Tuesday, August 19, 2014

Marriage and Definitions

 I've been asked more than once in recent months what my opinion on homosexual marriage is. And my answer isn't the Biblically-based one most people expect.

 Using a Biblical reasoning to make a case about something has little effect when speaking with someone who A) doesn't base their life around Biblical moral or principles, or B) doesn't believe in the Bible.
 That's why, in debates about abortion, we use scientific data showing that the heartbeat is steady before the first missed cycle, brain and nerve development in the first few weeks, and pain reception likewise.

 Quoting Scripture about how God knows us before He forms us, how He's loved us since the foundation of the world, how He's thought about us and planned us; these things have no weight to an atheist. After all, the very cross of Christ is foolishness to those who are perishing--why should they heed any other God-breathed truth as anything but a joke?
 It's a fairytale to them. Fables to be told to children alongside stories of Santa Claus, the Easter Bunny, the Tooth Fairy . . . Besides, they were most likely taught about Christ by the same people who taught them about these myths; why should they believe in the Bible?

 So if i want to make a valid case to someone who doesn't believe that my sourcebook (the Bible) has any use today, it only stands to reason that i must use their "truths."

 Aluminum is a light, softer type of metal. Copper is also a malleable element. Combine the two, and you have brass. Something interesting about brass is that it's a very sturdy alloy that is hard, and it doesn't bend easily. It is the concoction of mixing two "soft" metals together to create something new, different, and useful.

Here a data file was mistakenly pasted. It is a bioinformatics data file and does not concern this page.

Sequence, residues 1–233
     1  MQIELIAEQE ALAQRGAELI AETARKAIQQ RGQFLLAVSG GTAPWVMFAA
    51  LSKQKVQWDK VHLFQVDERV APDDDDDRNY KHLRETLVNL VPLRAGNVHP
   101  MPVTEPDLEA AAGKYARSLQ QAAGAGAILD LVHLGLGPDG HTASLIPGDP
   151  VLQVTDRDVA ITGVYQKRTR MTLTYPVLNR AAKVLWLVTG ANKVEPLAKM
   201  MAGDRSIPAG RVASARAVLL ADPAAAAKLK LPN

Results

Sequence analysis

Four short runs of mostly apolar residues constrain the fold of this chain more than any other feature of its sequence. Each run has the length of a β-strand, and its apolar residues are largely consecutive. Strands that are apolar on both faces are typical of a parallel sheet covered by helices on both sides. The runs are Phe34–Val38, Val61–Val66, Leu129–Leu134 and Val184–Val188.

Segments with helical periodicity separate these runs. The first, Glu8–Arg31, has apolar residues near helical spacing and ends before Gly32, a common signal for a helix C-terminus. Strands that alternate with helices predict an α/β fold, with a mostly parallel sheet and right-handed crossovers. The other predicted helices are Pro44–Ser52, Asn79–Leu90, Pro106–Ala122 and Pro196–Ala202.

Mix aluminum and aluminum, and you have not formed an alloy, you have not fused two elements, and you end up with nothing but more aluminum. It does nothing unique, nothing marvelous, or spectacular. It has not made a "better" composition.

 This goes for most, if not all alloys; the components work together to make an entirely new, entirely better creation than either was on its own.

 The reason for mentioning metals and alloys is that, when mixing different elements together, it is called, "marriage." When mixing multiple amounts of the same elements together, it does not, by definition, fit the term.

 What's more is when two elements are combined, we'll go with copper and tin for brass again, there is no longer copper or tin. There is simply brass.
 The two still exist, but not separately, within the compound (within the marriage). They can be identified as copper and tin within it, but the marriage has eliminated the independent identity of both. The mixture is stronger than either was before. And it creates a new version of both with a more useful result than copper or tin could have managed alone.

 The prefix, "hetero-" comes from the Greek for, "different."
 The prefix, "homo-" comes from the Greek for, "the same."

 Marriage is wholly reserved for the fusing of two unique and different elements.
 Or else it simply isn't marriage.